“A huge proportion of hard working middle England, people who have saved all their lives to own their own homes, will be penalised by the failure of the government to raise the inheritance tax threshold. The average three bedroom plus detached house in most parts of the country would be valued at over £325,000 and thus subject to inheritance tax.
“I welcome the elimination of stamp duty on properties valued under £250,000 which removes one obstacle to increasing buyer interest but the Chancellor’s plan does not address the other issues blocking first time buyers from home ownership.
“The lack of mortgage finance at all levels of potential home ownership shows little sign of easing, meaning the dreams of thousands of potential homeowners remain just that.
“Increasing stamp duty on homes over £1mn will have a dampening effect across the entire range of the housing market. Coupled with previous government initiatives such as HIPs, this will inhibit transaction volumes at a time when the economy most needs movement in the housing market. Increasing home sales boosts the overall economy as new homeowners buy to decorate and furnish their properties.
“In our view, the measures the Chancellor has taken today with specific regard to the housing market will do nothing to assist the country out of its current economic crisis.”
Giles Cook, director, Chesterton Humberts’ Chelsea office comments:
“London families seem to be taking the brunt of the budget pain. Increasing stamp duty on properties over £1mn penalises those struggling to establish a family home here, where the average house price is over £330,000.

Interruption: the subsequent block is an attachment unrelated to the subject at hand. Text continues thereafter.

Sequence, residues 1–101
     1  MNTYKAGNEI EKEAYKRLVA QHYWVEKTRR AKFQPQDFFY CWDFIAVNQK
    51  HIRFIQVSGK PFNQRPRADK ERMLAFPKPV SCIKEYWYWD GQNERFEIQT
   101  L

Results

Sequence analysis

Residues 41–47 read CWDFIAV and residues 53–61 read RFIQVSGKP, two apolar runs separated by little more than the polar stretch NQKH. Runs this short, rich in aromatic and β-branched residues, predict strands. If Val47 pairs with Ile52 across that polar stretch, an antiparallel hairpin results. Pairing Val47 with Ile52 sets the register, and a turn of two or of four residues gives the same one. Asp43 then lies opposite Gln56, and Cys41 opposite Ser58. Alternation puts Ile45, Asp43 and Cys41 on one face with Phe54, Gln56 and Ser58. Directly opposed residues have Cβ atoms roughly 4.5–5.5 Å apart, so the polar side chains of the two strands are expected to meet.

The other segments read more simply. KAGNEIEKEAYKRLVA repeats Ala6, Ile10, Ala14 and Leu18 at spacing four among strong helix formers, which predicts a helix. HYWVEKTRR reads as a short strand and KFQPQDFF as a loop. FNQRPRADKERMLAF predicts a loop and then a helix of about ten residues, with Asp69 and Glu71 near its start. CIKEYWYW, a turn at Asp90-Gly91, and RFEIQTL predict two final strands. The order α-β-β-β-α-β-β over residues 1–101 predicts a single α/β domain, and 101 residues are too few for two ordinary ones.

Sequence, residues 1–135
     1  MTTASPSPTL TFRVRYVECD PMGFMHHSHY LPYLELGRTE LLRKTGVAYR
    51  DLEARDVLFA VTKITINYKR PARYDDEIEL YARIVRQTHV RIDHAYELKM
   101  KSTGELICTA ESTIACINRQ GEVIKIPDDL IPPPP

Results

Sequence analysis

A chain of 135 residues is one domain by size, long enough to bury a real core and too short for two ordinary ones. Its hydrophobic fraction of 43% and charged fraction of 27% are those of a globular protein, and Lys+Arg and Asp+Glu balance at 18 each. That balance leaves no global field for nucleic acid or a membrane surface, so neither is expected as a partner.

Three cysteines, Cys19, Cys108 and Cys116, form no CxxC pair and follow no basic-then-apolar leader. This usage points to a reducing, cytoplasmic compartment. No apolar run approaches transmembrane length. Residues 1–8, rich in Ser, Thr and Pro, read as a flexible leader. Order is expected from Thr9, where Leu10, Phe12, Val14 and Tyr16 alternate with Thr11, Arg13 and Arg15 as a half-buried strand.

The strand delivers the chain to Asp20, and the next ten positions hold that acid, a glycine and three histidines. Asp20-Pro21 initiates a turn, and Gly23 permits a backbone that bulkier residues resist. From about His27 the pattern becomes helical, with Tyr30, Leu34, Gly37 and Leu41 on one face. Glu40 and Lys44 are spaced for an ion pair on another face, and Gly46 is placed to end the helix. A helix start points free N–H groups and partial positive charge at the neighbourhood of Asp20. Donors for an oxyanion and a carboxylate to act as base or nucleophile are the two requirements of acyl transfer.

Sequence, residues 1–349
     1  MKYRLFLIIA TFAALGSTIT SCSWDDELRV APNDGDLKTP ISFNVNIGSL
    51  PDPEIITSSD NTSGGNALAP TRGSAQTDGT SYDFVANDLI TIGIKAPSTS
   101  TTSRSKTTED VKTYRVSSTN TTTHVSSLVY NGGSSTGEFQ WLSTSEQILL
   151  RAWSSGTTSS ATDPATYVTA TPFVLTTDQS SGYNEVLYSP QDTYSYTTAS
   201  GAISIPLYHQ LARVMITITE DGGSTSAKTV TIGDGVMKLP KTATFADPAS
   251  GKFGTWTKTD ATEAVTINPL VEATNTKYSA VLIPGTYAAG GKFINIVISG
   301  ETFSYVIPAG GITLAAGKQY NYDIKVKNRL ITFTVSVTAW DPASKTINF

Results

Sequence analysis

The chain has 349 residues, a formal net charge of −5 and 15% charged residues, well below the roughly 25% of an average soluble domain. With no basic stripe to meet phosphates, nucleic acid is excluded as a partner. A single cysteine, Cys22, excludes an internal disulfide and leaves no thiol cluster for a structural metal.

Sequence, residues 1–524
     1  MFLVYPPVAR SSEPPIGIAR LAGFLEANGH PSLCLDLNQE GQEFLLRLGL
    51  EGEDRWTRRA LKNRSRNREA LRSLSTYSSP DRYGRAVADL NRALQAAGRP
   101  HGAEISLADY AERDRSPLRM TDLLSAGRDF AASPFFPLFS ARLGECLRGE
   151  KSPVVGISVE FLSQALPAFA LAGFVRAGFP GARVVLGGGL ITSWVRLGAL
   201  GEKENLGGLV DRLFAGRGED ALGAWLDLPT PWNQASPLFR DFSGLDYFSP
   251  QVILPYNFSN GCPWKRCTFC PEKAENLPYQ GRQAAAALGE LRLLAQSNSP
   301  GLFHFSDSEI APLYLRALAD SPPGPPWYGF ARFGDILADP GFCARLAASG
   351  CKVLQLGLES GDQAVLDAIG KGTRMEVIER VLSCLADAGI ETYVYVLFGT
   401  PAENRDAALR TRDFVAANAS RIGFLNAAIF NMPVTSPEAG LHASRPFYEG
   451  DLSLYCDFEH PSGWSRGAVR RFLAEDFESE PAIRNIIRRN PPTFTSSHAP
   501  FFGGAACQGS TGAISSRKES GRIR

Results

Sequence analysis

“Freezing the inheritance tax threshold at £325,000 for the next four years penalises most middle class families in the capital, who have worked hard to own their own homes and who expected to be able to pass the benefits of their efforts on to their families.”
Jo Eccles, property expert and director of London property search company, Sourcing Property said:
“The increase in stamp duty limit to £250,000 won’t have an impact on first time buyers in London in my opinion – they are struggling to raise the 25% cash deposit now required to purchase a property with a cheap mortgage rate, so access to mortgages and funding is what is required to really make a difference.
“On average, approximately 50% of our clients are looking to buy a property in the £1m and above price bracket. We anticipate a sense of urgency for those looking to buy or sell in this price bracket between now and April 2011 when the stamp duty rise comes into force. Thereafter, I don’t think the increase to 5% will put buyers off, however, they may want to recoup this extra tax by incorporating it in to their negotiations, thus passing the tax onto the vendor.”
Andrew Smith, Research Director at Primelocation.com, said:
“There has already been a lot of noise concerning the new 5% stamp duty rate for properties over £1million. However, a year is a long time in housing and taking a step back casts an entirely different outlook for the property market.
“With the higher threshold not due to come into effect until April 2011, the announcement is in fact likely to act as an immediate stimulus to the market. Activity will pick up among high end buyers and sellers, keen to avoid the higher levy or ensure that they are not forced to drop their asking price if their home is valued on or just above the threshold.
“Come April 2011, a new Budget by a new Government may have erased the current top threshold stamp duty plans, and if it has not, the initiative is only due to last a year. Depending on how well the property market is recovering twelve months from now, the measure may be seen as unnecessarily detrimental to middle class homeowners and the health of a wider economic revival.”